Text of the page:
Not long after I moved to Delhi, I found a professor of languages, Dr. Anand, in a neighborhood near my “posh colony,” took home a satchel full of kindergarten primers and started memorizing Hindi words. But, like many an ambitious expatriate student, I started traveling and missing classes, and soon I stopped going altogether. A good adopted Punjabi, I learned to say “loin” and “royit” for “lion” and “riot,” to pronounce “donkey” as though it rhymes with “funky” and “monkey” as though it rhymes with “honky,” and to say “support” for “sport” and vice versa. I picked up a few cricket terms. But the only part of actual Hindi I mastered was the gestures. With these I can make myself understood with the laconic elegance of a rickshaw wallah.
Technique: Holding your right hand, thumb up, at a little above waist level, roll your wrist as though you are throwing a curve ball, turning your palm upward and curling four of your fingers one after another—pinky first—into a loose fist. At the end of the motion your index finger should be pointed interrogatively into the distance like a gunfighter’s pistol and you should have a Clint Eastwood squint of dyspeptic indifference on your face. As an alternative to the Gunfighter, vary your technique by finishing with your first two fingers and your thumb poised as though you are holding a tiny, invisible, perplexing ping pong ball and asking somebody to look at it. I call this the Beatnik.
Usage: The meaning of this motion is “Why not?” or, to be accurate, its cooler Indian substitute, “What’s there?” (Note: Novices may prefer the relative safety of the Beatnik technique, as with the Gunfighter you must take care not to make your Eastwood squint too combative or your finger pointing too emphatic, or to accompany the move with a forward hipthrust. It is easy to cross the line between “What’s there” and “Up yours.”)
LIKE THAT ONLY
Technique: Draw your open hand toward your chest, as though about to waft the vapor of some caustic chemical solution toward your nose, and then snap your wrist dismissively, fingers relaxed, as if you are trying to flick water off of them. Finish with your hand held, palm down, a span or so from your waist, in the pose of an alcoholic testing for delirium tremens. Tilt your head to the left and back, close your eyes partway and give your head a tiny, resigned shake.
Usage: The meaning of this gesture is “It goes without saying that he would behave so disgracefully,” or, more eloquently: “He is like that only.” When greater emphasis is required (i.e. to get the last gesture in an argument) start the motion with your hand parallel to your eyebrows and finish with your fingers a little higher, pointed in the direction of your interlocutor. Depending on the force of the flick, this variation (“You are like that only”) is akin to outstretched palm of the “Talk to the hand” or the ear-twirling forefinger of “Barking mad, isn’t he?”
Technique: Indians do not nod yes and shake no. Try either one and they’ll stare at you, baffled, and draw their own conclusions about what you mean. This may stem from some aversion to committing too completely to any one course of action, since all things are fated and one can never be sure what one will do, or because it’s never prudent to make promises, or because a betrayal of eagerness is the worst way to begin negotiating. In any case, the preferred gesture of assent—if that is indeed what it means—is the wobble. Facing forward, with your head in a relaxed position, tilt your head loosely from side to side, as though it is wobbling on the topmost vertebrae of your spine with the springy motion of one of those sad-looking dogs people fix to the dashboards of cars.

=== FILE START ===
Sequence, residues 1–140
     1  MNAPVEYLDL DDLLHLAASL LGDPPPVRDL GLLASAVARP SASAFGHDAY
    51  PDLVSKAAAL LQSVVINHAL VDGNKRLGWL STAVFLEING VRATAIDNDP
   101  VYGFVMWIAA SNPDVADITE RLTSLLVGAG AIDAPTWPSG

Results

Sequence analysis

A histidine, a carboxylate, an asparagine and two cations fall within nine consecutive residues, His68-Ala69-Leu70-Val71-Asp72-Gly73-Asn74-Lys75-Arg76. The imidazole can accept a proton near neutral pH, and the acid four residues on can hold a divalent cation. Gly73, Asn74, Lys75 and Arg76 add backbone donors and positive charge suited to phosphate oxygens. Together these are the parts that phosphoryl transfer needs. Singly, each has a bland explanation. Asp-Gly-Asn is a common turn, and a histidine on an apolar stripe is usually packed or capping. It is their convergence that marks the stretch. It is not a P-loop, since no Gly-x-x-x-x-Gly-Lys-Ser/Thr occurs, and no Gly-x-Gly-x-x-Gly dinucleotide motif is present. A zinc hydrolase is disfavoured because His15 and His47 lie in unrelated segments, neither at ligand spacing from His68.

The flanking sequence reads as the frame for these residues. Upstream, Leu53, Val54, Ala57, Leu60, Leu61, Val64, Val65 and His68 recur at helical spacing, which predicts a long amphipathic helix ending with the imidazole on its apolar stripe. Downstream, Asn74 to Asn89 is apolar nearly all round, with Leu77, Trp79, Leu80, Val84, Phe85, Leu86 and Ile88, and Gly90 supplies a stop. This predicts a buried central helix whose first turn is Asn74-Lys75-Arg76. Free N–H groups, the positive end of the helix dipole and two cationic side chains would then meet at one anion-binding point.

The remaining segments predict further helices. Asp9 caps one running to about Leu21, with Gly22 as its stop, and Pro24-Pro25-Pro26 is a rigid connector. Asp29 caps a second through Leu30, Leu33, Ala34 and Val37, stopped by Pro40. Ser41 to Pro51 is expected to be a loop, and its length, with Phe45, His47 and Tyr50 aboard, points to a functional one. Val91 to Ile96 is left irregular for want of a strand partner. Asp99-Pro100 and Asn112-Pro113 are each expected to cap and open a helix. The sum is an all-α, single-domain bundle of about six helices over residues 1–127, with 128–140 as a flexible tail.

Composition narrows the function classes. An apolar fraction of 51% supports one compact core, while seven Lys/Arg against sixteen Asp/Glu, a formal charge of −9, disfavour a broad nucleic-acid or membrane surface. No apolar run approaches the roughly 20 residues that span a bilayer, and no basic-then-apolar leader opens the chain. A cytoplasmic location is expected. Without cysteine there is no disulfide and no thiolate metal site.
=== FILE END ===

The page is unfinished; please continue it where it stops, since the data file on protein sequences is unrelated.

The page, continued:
Usage: Though the gesture is most often translated to mean “yes,” as if it exists in direct correlation to the nod, the wobble is layered with nuance, like a Twilight Zone devil’s “as you wish,” and the motion ranges in meaning from “Right away, sir!” to “I feel your pain, but honestly can’t be bothered to help you.” The shades of meaning generally depend on the number of wobbles. For instance, five or six wobbles in either direction indicates servile humility (perhaps concealing a significant hike in price), while a detached half-wobble to the left, eyes partly closed (see “You are like that only”), suggests near total indifference. (Note: Be forewarned that the wobble is addictive. I recently caught myself trying to do it over the phone.)
THE DAILY CONVERSATION
Here’s how it works.
Customer: “Khali hai, Bhaisahib?” (Are you free, brother?)
Autowallah stirs, takes his feet off the useless meter, and rubs his eyes.
Autowallah: (Half wobble toward windscreen, eyes closed).
Customer: “Defence Colony janna hai?”
Autowallah: (Half wobble toward passenger seat).
Customer: “Kitna hoga?” (How much will it be?)
Autowallah: (Half wobble toward passenger seat). “Baitho.” (Sit down.)
Customer: “Kitna hoayga, Bhaisahib?” (How much will it be, brother?)
Autowallah: (Complete but nonchalant wobble). “As you like.”
Customer: “No, no, no. You say first. That way no argument.”
Autowallah: “As you like. No arguing.”
Customer: (What’s there?) “Kitna hoga, Bhaisahib?”
Autowallah: “Pifty rupees.”
Customer: “Pifty! Er… Fifty! Bis dengey” (I’ll give you twenty).
Customer: (He is like that only).
Autowallah: (You are like that only!)
Customer: (Up yours!)
Autowallah: Unprintable (Hindi).
Customer: Unprintable (English).